The Summit was also designed to highlight and expand the central role of the International Atomic Energy Agency in supporting its member states in executing their sovereign responsibility to protect their nuclear materials. Since April 2010, the IAEA’s primary physical protection guidelines document (INFCIFC 225/5) has been updated and published. Recognizing that the Agency will need more resources to carry out the roles States are asking of it, the budget and number of voluntary donors to the Nuclear Security Fund has increased. The Agency has launched the NUSEC nuclear security information portal, to provide centralized information about nuclear security topics and activities in multiple venues and organizations. And several states have requested new advisory missions (IPPAS, INSSP) to review security provisions at the national and site level. Increasingly, the IAEA is performing a critical coordination role, and in May 2011 the Agency hosted a coordination meeting with other nuclear security activities, including the Global Initiative to Counter Nuclear Terrorism, the G8 Global Partnership, the World Institute for Nuclear Security, and others. In June 2011, the Agency held a coordination meeting among the myriad nuclear security support centers/Centers of Excellence that have sprung up since the last Summit, at which they reached agreement for the IAEA to continue to play a coordinating role, and to build a network, using the NUSEC web portal, among the centers to share information, curricula, class schedules, and so on.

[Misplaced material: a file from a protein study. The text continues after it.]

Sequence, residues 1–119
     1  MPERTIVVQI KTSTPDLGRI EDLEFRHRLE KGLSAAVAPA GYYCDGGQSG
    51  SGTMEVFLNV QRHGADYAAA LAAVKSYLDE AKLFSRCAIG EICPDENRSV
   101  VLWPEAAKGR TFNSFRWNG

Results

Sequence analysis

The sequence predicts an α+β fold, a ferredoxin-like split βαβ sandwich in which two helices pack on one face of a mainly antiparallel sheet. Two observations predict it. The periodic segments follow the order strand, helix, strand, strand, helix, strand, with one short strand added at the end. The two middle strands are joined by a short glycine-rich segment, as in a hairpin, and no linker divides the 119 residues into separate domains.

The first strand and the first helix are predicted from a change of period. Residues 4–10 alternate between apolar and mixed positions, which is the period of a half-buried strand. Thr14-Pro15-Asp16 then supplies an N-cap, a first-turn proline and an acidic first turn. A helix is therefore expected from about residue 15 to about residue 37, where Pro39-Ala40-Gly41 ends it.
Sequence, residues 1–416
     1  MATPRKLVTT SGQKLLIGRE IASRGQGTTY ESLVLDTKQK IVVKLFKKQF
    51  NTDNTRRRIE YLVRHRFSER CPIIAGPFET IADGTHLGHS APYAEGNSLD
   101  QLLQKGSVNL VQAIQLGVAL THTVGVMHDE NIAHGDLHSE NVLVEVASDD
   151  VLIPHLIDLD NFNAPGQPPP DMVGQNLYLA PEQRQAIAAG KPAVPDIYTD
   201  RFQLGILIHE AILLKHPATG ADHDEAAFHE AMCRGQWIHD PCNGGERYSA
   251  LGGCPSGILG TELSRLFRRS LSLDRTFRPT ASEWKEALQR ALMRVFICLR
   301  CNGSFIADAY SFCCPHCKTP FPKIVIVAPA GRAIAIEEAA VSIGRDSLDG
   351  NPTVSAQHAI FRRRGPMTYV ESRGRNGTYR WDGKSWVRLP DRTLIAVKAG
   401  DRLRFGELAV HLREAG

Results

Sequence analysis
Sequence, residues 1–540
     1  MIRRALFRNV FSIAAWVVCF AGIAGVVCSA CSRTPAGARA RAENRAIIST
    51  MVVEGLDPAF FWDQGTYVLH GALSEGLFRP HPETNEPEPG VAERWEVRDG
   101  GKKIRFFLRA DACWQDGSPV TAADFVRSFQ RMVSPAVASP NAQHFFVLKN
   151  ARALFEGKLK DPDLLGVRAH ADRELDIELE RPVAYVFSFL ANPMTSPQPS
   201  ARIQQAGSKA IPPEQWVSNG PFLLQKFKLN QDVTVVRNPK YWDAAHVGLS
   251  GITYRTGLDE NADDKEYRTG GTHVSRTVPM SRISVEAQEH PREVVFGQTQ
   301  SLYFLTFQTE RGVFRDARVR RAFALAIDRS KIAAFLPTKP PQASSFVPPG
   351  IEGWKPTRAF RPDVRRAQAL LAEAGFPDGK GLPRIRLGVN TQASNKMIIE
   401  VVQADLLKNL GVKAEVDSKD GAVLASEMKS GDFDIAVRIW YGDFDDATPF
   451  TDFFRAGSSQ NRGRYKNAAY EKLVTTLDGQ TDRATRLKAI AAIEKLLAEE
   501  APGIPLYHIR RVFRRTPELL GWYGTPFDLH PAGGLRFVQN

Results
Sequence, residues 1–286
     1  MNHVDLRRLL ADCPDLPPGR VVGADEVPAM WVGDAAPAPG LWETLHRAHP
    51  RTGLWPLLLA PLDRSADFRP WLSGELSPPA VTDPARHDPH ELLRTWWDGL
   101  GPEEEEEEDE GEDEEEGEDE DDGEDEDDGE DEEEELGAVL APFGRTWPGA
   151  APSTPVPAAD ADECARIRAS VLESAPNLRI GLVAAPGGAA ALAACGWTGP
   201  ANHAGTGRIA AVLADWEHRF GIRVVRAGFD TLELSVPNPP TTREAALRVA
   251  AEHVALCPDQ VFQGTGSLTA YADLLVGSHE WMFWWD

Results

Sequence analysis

The 2010 Summit also called for support for and coordination with other nuclear security activities, and since April 2010, four new states have joined the GICNT, and the G8GP was extended beyond its initial 2012 end point. Several Summit participants have also hosted regional outreach meetings to share insights and updates on Summit activities with other countries.

Of course, the heart of the Summit’s purpose was to increase security for highly enriched uranium (HEU) and plutonium, the essential elements of nuclear weapons. Since April 2010, upgrades have been completed for nuclear materials storage and transportation in several countries around the world. Almost 400 kg of HEU removed from 10 countries for safe elimination, and several research reactors have been converted from HEU to LEU fuel. Of course, the ultimate security solution is elimination; in this regard, Russia has eliminated 48 metric tons of excess HEU, and the US has eliminated 7 metric tons of excess HEU.